MAX 2013 – the big annual conference for all-things-Adobe – is coming up in just 3 months in Los Angeles, California… And continuing our long tradition of free Adobe giveaways, we’ve got one free and full conference pass (worth US$1,495) to give away, plus one $400-off ticket discount, both courtesy of our friends at Adobe Systems!
And great news: included together with that first prize pass — and in fact with all MAX 2013 full conference passes — is also an annual Creative Cloud membership for you (containing all fourteen CS6 Master Collection tools plus much more, and valued at $600) – or 12 months added to your account if you’re already a Cloud member… You’ll get immediate access to the latest products and exclusive features, plus an entire library of training videos. It’s everything you need to create anything.
Install now: Get all new Creative Cloud 2020 direct download links and free trials.
[UPDATE – See all of Adobe’s current deals & discounts!]
After a couple of nice rounds of specials for the holidays, we thought Adobe’s big sales might be over for while, but we were wrong… Adobe is slated to announce a surprise new set of global Valentine’s and winter specials for the month of February and beyond.
The deals include saving up to 50% on Photoshop/Premiere Elements 11 purchases, a 30% discount on Lightroom 4, plus a big worldwide 60%-76% off Creative Cloud Education offer for students and teachers. Most of these promotions run in February and some into mid-March, and we have exclusive coupon codes linked below so you can get the lower prices. And stay tuned to this page for updates on new winter offers as they arrive.
Note that if you buy either Photoshop or any CS6 suite together with Adobe Lightroom, then you can actually get a larger 30% off Lightroom 4… (valid in all countries) In addition, all purchasers of Photoshop Elements 11 will also automatically receive a complimentary $20 Shutterfly gift card.
True to our forecast, today Adobe released Creative Cloud for Teams – a new offering for groups and organizations who want to easily manage volume purchases of Creative Cloud licenses for multiple seats or users.
The new Team product provides everything that Creative Cloud for Individuals does, which means open access to the world’s best creative tools – plus workgroup capabilities for enhanced file sharing and collaboration (with 100GB of online space for each user), flexible license management (for adding, removing, or reassigning users as needed), usage tracking and reporting, centralized billing, and included Adobe Expert Services (with one-on-one direct access for each person on your team).
[UPDATE (December 11th) – Adobe has revealed all the new features described below, they are part of Photoshop CS6.1 available exclusively to Creative Cloud members and Photoshop subscribers, and will also be included in the next formal release of the product (not CS7 but Photoshop CC)… An update to Photoshop CS6 for HiDPI and Mac Retina Displays is also now available and free to download for all (version 13.0.5, which also includes some bug fixes).]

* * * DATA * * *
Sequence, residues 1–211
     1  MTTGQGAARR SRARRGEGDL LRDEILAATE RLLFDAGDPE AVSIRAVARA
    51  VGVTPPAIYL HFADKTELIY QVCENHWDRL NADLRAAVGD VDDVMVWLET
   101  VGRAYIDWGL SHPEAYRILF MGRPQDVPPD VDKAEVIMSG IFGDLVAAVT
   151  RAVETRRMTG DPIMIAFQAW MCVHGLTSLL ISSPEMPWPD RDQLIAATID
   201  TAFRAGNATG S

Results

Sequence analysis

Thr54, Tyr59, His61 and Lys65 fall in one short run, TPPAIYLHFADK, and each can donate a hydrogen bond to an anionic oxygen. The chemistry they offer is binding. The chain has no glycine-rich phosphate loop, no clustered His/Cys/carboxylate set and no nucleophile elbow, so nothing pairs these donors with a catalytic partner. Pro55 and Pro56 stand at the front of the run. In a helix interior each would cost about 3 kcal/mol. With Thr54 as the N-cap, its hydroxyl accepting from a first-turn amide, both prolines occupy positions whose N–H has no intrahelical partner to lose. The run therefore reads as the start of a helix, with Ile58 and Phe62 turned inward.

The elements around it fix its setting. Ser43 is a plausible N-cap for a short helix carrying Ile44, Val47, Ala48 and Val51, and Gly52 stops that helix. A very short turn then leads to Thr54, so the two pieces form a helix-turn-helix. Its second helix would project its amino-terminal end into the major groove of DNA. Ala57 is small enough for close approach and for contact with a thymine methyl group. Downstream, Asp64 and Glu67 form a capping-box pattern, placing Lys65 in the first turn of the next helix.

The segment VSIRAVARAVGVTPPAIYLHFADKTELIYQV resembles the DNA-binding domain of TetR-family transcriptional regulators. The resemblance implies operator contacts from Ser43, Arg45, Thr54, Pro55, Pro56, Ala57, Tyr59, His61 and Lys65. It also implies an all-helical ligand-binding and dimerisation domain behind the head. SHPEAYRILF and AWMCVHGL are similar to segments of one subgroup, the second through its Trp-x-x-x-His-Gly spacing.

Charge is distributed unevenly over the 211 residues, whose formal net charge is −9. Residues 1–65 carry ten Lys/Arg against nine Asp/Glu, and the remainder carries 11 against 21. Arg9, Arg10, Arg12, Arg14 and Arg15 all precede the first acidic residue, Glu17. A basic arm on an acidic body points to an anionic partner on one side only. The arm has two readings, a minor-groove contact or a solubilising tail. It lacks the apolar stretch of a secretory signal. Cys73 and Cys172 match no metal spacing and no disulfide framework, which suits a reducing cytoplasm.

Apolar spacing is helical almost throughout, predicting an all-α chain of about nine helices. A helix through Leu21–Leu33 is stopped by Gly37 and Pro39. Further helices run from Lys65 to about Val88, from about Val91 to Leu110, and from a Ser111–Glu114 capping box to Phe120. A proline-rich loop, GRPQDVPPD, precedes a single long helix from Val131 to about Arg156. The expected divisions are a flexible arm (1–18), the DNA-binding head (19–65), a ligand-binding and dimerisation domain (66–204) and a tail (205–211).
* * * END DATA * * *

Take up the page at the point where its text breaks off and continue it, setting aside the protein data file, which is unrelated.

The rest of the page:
Check out this new “teaser” video that Adobe just slipped out entitled, See What’s Next in Photoshop coming on December 11th:
[UPDATE (December 11th) – As predicted, Creative Cloud for Teams is here now today!]
During a recent conference call with analysts, Adobe CEO Shantanu Narayan revealed some of the company’s future plans surrounding new offerings for the Creative Cloud, in particular an upcoming solution for customers who need multiple licenses:
[UPDATE (April 2013) – Confirmed: Image Deblurring is coming soon in Photoshop!]
One year ago at their annual MAX conference, Adobe showed a sneak peak of some exciting work in progress: the prototype of a new Photoshop Image Deblurring feature that takes shaky photos and brings them into focus. The demonstration was impressive and the technology received huge press at the time, but ultimately was said to be too early stage to make it into the final release of Photoshop CS6 this past spring. Since that time, our readers have been asking about the status of the unblurring function – and when, where, and how we might see it finally released and available to the public.
Well now, we may finally have an answer.
Earlier this week as part of the Wall Street Journal’s Viewpoints West series, Adobe CEO Shantanu Narayen gave a one-hour interview over a wide range of subjects including the changing media landscape, Steve Jobs, the U.S in the global economy, and much relating Adobe itself. Near the end of the sit-down session (at the 56:27 mark), he dropped a huge hint about what’s happening with Photoshop Image Deblurring: